In case you watched an NFL game on Fox yesterday, you probably saw one of the 4,573 advertisements for the Fox broadcast debut of the Ultimate Fighting Championship this coming Saturday night.  There has always been speculation on what exactly Fox would do with the UFC telecast.  Would they bring in Gus Johnson with his (somewhat criticized) MMA experience at CBS to call the fight?  Would they peg Joe Buck to announce the fight scene seeing as how Joe Buck announces everything else at Fox?  (I think he hosts American Idol too… although I have such a hard time telling him and Seacrest apart.)

Instead, UFC’s resident announcers Mike Goldberg and Joe Rogan will be calling the Cain Velasquez vs Junior Dos Santos heavyweight title fight according to USA Today, but Fox will at least have one of their network stalwarts on the coverage…

UFC will do most of the introducing, since it maintains control of the fight coverage and will use announcers Mike Goldberg and Joe Rogan, who call its pay-per-view fights. But Fox will control the pre- and post-fight shows, where it will use Curt Menefee as host and fighter Brock Lesnar— who might eventually fight the Nov. 12 winner — and UFC President Dana White as analysts. Or, maybe, head cheerleader?

I really wish Fox would have gone with Chris Rose instead of Curt Menefee as the studio host just to see the awkward dynamic between himself, Brock Lesnar, and Dana White.  That would have been worth watching alone.  It’s also worth noting that Velasquez vs Dos Santos is the only scheduled fight to appear on Fox with the undercard being streamed on FoxSports.com.  Here I was hoping we might see Floyd Mayweather vs Larry Merchant on the broadcast.  Oh, well.  Fox hasn’t had much success in recent years experimenting with new sports, and you know MMA purists will be paying very close attention to how Fox treats the telecast.  (See the BCS on Fox and their intellectually insulting Champions League Final coverage.  I wonder if Michael Strahan can explain for us the difference between boxing and MMA…)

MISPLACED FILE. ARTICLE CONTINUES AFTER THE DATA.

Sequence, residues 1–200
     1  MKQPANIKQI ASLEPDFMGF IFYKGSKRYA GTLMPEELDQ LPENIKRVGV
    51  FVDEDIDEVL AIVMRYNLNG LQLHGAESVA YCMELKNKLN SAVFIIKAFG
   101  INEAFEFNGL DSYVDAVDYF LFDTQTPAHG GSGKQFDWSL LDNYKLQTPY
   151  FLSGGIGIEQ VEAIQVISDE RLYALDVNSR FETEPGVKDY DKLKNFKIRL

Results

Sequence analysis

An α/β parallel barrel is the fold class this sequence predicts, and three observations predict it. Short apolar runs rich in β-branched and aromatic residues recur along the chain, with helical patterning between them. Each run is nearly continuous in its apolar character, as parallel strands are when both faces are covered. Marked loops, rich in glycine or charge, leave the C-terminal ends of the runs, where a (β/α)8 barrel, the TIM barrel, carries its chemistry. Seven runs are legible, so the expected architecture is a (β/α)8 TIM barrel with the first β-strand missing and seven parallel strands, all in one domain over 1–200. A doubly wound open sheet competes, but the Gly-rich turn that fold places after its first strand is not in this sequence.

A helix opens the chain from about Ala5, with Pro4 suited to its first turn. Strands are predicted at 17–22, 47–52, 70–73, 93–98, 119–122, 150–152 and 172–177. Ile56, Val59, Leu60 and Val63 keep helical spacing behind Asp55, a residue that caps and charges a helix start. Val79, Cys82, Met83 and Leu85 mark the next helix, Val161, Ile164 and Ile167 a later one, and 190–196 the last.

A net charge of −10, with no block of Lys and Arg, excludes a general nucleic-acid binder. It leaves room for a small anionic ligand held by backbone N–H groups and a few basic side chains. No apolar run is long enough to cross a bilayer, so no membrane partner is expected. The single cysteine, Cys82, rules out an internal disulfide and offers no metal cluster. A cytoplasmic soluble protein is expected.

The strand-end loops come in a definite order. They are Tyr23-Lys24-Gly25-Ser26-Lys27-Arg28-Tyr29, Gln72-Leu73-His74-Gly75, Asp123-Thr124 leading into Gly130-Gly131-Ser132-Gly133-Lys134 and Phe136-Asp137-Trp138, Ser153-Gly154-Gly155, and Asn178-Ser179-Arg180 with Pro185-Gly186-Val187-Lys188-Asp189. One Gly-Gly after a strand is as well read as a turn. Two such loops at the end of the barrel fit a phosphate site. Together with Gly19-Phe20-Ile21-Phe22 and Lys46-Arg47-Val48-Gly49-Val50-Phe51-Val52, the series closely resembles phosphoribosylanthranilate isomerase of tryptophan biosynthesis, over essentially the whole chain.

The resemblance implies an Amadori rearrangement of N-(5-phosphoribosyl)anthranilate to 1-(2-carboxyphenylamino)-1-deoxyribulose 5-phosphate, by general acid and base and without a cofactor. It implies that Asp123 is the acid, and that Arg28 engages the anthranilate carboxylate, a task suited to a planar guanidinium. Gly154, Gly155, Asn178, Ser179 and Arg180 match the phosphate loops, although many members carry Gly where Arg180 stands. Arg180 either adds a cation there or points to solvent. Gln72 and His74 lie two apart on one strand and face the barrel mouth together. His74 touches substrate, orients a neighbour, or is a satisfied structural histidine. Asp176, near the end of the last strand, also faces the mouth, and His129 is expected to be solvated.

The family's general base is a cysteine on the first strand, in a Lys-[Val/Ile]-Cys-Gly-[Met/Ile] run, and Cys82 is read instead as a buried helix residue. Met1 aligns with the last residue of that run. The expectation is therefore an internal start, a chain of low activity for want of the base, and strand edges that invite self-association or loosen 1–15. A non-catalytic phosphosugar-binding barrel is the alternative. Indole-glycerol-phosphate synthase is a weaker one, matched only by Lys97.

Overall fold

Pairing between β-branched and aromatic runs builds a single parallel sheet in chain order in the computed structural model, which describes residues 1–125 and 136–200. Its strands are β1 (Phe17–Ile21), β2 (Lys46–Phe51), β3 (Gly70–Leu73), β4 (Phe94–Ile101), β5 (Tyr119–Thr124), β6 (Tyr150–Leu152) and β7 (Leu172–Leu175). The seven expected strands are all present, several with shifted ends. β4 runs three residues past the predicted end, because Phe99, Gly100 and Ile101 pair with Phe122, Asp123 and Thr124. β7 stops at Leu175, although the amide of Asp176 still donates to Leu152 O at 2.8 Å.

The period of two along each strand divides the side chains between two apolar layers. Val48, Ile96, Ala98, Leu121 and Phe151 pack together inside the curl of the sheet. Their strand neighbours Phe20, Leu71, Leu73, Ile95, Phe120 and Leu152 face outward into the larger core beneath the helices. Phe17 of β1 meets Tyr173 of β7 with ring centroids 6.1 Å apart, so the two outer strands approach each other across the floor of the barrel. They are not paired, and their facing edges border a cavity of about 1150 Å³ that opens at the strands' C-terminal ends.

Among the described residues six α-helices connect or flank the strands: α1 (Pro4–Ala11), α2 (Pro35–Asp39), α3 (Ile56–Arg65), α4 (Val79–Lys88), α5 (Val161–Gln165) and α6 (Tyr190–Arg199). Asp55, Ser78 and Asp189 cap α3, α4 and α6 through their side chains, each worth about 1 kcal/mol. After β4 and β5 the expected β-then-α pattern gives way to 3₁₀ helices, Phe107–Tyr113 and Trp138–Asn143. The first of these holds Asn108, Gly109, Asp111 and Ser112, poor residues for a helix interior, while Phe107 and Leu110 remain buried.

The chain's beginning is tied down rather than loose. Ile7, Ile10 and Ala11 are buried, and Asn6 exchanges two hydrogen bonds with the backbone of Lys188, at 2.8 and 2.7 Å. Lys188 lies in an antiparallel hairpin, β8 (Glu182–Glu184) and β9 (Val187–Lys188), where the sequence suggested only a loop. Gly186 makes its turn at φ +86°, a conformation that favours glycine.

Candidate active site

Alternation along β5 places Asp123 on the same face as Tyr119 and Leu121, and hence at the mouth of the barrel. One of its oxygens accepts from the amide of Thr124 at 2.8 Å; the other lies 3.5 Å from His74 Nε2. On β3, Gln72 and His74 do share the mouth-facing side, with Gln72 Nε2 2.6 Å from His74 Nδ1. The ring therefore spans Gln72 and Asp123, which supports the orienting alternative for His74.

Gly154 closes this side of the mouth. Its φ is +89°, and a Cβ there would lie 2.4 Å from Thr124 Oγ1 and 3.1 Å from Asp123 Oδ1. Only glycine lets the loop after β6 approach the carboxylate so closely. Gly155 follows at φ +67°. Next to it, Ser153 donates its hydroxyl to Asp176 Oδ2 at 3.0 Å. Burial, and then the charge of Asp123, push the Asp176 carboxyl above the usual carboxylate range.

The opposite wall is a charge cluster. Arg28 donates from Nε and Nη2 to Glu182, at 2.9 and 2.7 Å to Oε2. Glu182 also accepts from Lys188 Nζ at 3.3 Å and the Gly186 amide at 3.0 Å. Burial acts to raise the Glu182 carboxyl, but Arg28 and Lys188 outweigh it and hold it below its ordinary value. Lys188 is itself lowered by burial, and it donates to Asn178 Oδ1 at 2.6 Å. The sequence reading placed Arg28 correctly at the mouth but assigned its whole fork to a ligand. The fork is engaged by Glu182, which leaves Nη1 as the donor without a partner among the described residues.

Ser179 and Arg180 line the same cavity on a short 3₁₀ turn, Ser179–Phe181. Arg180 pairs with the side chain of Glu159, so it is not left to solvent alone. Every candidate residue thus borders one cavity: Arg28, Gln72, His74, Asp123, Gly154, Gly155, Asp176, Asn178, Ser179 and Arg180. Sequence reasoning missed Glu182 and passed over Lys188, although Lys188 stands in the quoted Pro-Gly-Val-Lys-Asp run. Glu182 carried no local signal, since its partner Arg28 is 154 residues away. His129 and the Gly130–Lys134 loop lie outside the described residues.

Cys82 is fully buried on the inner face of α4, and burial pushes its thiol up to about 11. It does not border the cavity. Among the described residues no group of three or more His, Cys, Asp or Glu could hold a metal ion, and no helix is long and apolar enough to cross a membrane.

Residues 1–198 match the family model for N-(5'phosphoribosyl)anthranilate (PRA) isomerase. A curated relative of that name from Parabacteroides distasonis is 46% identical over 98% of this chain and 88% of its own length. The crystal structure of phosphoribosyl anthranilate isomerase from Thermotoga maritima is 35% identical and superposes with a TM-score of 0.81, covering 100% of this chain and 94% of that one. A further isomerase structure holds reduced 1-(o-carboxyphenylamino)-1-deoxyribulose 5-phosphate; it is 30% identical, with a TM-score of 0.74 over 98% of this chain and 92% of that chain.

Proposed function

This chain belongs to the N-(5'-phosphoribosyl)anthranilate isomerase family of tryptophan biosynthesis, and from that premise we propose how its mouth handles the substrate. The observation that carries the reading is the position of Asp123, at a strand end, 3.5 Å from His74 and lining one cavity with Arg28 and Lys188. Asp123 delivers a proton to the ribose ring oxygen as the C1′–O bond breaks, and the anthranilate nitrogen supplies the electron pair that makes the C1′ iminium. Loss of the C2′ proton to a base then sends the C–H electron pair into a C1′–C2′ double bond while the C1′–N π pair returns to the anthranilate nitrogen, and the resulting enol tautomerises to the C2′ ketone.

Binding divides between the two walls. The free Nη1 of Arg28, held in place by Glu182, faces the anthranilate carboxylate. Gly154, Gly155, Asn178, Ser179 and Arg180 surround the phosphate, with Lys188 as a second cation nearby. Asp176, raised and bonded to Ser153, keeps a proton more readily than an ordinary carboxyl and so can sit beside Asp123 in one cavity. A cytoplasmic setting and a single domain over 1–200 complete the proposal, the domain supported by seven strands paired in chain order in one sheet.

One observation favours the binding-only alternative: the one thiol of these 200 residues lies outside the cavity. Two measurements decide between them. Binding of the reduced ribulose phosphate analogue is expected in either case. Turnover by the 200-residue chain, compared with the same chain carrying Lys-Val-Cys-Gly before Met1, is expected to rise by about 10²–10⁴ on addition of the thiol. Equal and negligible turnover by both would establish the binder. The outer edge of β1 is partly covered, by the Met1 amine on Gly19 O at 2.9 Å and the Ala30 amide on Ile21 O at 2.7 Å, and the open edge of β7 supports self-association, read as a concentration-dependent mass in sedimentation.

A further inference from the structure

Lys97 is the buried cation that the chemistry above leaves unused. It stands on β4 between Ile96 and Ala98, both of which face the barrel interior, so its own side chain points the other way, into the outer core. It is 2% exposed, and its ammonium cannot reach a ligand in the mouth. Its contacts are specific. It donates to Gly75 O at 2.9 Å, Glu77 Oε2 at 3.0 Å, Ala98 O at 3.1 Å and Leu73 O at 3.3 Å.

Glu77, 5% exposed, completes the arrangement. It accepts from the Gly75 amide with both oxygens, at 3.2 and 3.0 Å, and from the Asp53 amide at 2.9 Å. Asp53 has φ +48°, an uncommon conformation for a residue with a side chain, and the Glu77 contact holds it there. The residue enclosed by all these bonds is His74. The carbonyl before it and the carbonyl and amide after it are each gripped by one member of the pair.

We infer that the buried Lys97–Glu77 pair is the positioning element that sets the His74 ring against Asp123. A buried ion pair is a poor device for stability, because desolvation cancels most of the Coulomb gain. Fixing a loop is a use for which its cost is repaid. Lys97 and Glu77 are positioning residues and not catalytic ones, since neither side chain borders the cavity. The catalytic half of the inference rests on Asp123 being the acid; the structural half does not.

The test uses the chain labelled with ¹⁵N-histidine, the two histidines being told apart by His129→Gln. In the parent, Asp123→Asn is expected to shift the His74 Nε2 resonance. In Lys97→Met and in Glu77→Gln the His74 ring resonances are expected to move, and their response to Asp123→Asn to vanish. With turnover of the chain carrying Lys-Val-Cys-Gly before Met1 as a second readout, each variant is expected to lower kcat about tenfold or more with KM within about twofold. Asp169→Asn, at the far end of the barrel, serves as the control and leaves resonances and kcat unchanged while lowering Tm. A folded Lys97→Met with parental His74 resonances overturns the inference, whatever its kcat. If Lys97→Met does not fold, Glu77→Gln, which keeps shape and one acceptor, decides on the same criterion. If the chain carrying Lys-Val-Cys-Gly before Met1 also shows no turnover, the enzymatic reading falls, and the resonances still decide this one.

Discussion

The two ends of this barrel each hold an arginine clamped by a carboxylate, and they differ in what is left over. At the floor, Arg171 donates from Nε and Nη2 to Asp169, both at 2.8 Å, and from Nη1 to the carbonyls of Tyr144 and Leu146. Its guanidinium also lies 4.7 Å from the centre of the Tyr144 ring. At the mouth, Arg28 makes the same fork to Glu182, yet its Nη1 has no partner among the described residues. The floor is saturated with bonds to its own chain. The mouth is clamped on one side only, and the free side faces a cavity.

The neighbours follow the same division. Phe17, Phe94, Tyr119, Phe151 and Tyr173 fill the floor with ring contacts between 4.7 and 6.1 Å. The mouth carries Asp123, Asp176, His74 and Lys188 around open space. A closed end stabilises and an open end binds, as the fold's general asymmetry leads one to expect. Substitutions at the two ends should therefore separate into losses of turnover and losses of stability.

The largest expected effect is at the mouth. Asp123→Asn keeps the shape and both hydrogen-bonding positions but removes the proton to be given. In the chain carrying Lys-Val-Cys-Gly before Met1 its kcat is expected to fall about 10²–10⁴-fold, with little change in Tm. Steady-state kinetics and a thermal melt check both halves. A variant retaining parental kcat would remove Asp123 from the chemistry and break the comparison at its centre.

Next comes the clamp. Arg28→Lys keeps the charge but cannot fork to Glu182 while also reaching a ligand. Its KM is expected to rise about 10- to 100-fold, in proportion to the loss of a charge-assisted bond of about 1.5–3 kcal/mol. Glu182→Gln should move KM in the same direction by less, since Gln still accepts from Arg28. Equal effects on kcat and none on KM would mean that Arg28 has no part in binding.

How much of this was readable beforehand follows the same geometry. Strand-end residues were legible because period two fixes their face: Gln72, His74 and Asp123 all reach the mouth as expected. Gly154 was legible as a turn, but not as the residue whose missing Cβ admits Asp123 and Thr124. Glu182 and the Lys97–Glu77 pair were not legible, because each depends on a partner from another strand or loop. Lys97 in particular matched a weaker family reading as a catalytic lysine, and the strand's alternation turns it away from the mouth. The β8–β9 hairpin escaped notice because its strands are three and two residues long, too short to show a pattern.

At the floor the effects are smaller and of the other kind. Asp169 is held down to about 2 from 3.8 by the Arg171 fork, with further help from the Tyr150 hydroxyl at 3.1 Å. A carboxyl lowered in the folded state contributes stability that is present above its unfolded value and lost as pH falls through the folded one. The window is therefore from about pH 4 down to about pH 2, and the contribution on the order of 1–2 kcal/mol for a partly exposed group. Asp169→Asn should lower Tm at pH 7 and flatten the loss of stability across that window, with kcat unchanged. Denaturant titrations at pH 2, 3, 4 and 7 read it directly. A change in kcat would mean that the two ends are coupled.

Dana White as studio analyst will also bring an interesting dynamic.  It’s like a cross between having Roger Goodell on The NFL Today and Vince McMahon doing commentary for the WWF back in the day.  What Fox loses in any sense of objectivity they do gain in outspokenness and expertise.  Normally, putting the UFC president on the pre/post shows would be scoffed at as a slap in the face of journalism on the Craig James Level.  However, White is such a wild card that he has the potential to say anything, positively or negatively.  Fox is obviously going to try to be selling the fight, Dana White, and UFC as a whole hard throughout the night to make their venture into MMA a success.

Will you be watching, and what are your hopes for Fox’s coverage?

[USA Today]

About Matt Yoder

Award winning sportswriter at The Comeback and Awful Announcing. The biggest cat in the whole wide world.

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